[SOLVED] A guide for MOLEX to 8 pin adapter for GPU

Oct 6, 2020
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As I can see, there are many opinions and misconceptions in the computer tech community about MOLEX to 8 pin adapters for powering the GPU which I want to clarify. As I am a computer technician I think that I have enough technical expertise to talk about this subject.

MOLEX to 8 pin adapters are generally safe, but they are not the ideal solution for powering your GPU. I would always resort to good PSU, but I understand that people who are on a tight budget probably do not want to upgrade the PSU. And that is probably fine because older PSU's can be of high quality and have enough power to supply everything you need but not have 8 pin connectors because of the trends back in those days.

First of all, you should make sure that your PSU can power the new GPU. When buying the adapter, you should always buy a good quality one. The good quality ones usually have 18 AWG, UL 1007 insulated wires. You can recognize them by the markings on the wires itself. Avoid adapters with blank wires since they are very cheaply made with very thin wires that are not capable of transferring so much current and they can easily melt. Good quality adapters are rated for max 120 W and this rating should not be exceeded. You could probably go a little bit over but at your own risk. If the cables are getting hot (so hot that you can not hold the wires with your fingers and you start to smell burning plastic) during the full load you should replace your PSU. If the wires are getting warm only, that should be fine since insulation is rated for 80 degrees Celsius. Do not bundle adapter cables, instead try to spread them away from each other for improved cooling, and in case of melting and failure of one or more cables, they would not touch and cause a short circuit. Also MOLEX end of the adapter should be inserted correctly in the female end. MOLEX ends should slide easily, which means that all MOLEX pins are inserted into collars correctly. If they are not aligned correctly with collars, they can be pushed back from their mounts making bad contact. After connecting MOLEX always push in individual wires to make sure that they are inserted all the way in. And that should be it.

After that try to test system stability benchmarking all the components at once for at least 10-15 minutes. If everything passes OK and you do not experience any cable or connector overheating and computer crashes suggesting weak PSU, you should be good to go.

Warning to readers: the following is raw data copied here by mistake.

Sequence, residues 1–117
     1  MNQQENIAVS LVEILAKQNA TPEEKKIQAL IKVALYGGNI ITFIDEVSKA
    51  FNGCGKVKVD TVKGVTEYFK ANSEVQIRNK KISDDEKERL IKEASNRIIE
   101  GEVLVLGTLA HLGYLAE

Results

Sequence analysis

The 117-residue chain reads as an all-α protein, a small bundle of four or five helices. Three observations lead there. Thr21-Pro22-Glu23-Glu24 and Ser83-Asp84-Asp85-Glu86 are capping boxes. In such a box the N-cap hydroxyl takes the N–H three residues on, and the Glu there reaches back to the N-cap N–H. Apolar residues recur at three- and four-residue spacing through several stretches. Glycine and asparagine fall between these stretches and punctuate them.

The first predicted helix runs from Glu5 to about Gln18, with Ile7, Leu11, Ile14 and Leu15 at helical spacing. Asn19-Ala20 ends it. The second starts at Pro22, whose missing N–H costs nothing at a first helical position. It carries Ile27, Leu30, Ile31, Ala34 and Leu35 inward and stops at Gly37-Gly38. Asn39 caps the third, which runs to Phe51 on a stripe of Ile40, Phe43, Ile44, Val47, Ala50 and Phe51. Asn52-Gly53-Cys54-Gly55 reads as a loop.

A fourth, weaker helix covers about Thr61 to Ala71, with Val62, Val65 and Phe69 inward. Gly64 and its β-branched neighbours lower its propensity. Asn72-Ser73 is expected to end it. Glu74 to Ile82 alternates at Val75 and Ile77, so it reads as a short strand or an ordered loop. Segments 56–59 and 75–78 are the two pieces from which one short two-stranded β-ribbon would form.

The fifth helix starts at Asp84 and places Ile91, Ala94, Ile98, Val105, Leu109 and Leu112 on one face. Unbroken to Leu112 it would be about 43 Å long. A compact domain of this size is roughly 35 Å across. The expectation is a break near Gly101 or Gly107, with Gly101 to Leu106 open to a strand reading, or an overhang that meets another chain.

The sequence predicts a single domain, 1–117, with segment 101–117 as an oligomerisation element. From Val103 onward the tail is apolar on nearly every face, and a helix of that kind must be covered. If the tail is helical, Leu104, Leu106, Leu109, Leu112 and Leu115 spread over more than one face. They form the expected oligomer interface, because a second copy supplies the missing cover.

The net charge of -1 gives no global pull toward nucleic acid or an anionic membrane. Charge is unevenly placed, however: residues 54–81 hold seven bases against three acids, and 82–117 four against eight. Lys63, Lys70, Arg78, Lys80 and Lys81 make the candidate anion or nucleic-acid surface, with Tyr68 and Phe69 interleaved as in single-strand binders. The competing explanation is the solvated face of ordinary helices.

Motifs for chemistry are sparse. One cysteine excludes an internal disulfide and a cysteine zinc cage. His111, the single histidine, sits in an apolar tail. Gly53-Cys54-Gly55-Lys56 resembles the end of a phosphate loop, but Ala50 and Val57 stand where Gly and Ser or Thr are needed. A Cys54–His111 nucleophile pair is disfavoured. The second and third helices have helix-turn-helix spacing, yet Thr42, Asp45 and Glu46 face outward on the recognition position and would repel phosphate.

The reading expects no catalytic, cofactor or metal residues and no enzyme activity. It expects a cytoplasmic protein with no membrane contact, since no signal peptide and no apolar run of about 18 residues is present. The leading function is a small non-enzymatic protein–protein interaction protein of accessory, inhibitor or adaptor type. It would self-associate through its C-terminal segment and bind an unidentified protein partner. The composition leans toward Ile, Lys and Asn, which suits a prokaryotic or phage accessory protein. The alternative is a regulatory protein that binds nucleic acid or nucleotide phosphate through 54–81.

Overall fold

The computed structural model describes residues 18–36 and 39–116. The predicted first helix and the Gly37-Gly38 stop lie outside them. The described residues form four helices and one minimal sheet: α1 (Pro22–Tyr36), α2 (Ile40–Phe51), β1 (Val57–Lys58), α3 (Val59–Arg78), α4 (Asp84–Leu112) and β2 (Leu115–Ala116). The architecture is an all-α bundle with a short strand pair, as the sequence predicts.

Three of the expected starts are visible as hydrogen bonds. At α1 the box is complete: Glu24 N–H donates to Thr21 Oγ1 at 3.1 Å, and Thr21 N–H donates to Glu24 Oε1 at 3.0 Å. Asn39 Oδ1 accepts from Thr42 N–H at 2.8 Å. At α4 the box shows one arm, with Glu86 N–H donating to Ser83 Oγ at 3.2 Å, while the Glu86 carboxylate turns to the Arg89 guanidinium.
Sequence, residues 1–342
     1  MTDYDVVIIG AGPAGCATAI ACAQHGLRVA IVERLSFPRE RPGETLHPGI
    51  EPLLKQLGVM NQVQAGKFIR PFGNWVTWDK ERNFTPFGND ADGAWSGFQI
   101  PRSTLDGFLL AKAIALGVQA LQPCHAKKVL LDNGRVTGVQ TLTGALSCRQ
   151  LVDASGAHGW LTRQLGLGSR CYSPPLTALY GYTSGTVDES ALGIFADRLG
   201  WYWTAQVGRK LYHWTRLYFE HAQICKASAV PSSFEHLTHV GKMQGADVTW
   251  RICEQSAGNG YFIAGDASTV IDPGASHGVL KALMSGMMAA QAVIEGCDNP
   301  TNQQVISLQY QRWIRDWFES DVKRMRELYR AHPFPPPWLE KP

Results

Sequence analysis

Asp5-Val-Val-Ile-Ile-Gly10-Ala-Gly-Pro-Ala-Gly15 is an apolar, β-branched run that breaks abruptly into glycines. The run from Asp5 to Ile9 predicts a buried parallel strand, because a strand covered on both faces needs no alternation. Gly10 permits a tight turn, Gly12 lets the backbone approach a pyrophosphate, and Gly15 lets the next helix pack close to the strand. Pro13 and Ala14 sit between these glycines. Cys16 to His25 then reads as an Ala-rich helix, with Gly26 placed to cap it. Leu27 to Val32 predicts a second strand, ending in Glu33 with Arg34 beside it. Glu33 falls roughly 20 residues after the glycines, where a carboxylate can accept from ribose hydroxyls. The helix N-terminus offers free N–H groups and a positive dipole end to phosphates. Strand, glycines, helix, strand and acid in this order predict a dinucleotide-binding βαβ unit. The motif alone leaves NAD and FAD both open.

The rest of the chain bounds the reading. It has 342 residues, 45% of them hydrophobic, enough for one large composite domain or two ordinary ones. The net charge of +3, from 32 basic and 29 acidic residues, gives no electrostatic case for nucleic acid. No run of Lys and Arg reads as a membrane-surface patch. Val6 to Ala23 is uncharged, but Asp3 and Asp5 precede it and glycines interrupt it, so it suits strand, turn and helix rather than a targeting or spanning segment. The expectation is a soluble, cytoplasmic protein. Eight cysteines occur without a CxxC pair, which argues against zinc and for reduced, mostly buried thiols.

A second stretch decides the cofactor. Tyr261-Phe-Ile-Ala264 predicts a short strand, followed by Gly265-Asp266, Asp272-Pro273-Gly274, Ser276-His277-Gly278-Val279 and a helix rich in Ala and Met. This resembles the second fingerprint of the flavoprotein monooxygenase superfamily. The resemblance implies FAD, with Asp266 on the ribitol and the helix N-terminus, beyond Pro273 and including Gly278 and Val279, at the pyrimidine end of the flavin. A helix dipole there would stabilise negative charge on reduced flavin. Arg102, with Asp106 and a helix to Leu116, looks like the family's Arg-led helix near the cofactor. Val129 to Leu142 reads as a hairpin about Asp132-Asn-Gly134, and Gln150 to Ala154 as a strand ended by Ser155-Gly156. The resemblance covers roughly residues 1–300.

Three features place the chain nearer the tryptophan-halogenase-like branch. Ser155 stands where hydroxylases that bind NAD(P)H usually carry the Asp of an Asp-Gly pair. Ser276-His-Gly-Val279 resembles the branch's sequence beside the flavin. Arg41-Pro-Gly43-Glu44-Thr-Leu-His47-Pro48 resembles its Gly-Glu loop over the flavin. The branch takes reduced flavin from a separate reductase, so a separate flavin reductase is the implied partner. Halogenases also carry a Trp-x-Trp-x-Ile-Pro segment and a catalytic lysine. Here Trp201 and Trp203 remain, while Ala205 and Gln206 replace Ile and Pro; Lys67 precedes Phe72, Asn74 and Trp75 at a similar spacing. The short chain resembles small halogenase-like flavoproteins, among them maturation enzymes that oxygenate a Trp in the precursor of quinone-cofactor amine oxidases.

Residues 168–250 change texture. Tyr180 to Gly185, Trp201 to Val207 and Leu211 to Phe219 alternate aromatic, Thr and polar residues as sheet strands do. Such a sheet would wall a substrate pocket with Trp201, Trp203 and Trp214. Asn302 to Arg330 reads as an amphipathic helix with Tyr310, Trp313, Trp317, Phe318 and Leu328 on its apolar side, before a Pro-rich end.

I apologize for my English since I am not a native speaker. Thank you for reading and if you think that I made some mistakes feel free to correct me.
 

kanewolf

Titan
Moderator
As I can see, there are many opinions and misconceptions in the computer tech community about MOLEX to 8 pin adapters for powering the GPU which I want to clarify. As I am a computer technician I think that I have enough technical expertise to talk about this subject.

MOLEX to 8 pin adapters are generally safe, but they are not the ideal solution for powering your GPU. I would always resort to good PSU, but I understand that people who are on a tight budget probably do not want to upgrade the PSU. And that is probably fine because older PSU's can be of high quality and have enough power to supply everything you need but not have 8 pin connectors because of the trends back in those days.

First of all, you should make sure that your PSU can power the new GPU. When buying the adapter, you should always buy a good quality one. The good quality ones usually have 18 AWG, UL 1007 insulated wires. You can recognize them by the markings on the wires itself. Avoid adapters with blank wires since they are very cheaply made with very thin wires that are not capable of transferring so much current and they can easily melt. Good quality adapters are rated for max 120 W and this rating should not be exceeded. You could probably go a little bit over but at your own risk. If the cables are getting hot (so hot that you can not hold the wires with your fingers and you start to smell burning plastic) during the full load you should replace your PSU. If the wires are getting warm only, that should be fine since insulation is rated for 80 degrees Celsius. Do not bundle adapter cables, instead try to spread them away from each other for improved cooling, and in case of melting and failure of one or more cables, they would not touch and cause a short circuit. Also MOLEX end of the adapter should be inserted correctly in the female end. MOLEX ends should slide easily, which means that all MOLEX pins are inserted into collars correctly. If they are not aligned correctly with collars, they can be pushed back from their mounts making bad contact. After connecting MOLEX always push in individual wires to make sure that they are inserted all the way in. And that should be it.